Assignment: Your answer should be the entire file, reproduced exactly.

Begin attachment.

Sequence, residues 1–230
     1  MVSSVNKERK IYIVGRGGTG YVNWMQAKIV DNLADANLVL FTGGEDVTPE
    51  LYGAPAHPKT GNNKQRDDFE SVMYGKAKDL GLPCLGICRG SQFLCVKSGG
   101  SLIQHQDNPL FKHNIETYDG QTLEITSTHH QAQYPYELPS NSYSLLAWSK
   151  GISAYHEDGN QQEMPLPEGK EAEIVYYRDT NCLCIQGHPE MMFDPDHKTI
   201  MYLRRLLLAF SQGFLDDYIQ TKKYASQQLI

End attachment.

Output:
Sequence, residues 1–230
     1  MVSSVNKERK IYIVGRGGTG YVNWMQAKIV DNLADANLVL FTGGEDVTPE
    51  LYGAPAHPKT GNNKQRDDFE SVMYGKAKDL GLPCLGICRG SQFLCVKSGG
   101  SLIQHQDNPL FKHNIETYDG QTLEITSTHH QAQYPYELPS NSYSLLAWSK
   151  GISAYHEDGN QQEMPLPEGK EAEIVYYRDT NCLCIQGHPE MMFDPDHKTI
   201  MYLRRLLLAF SQGFLDDYIQ TKKYASQQLI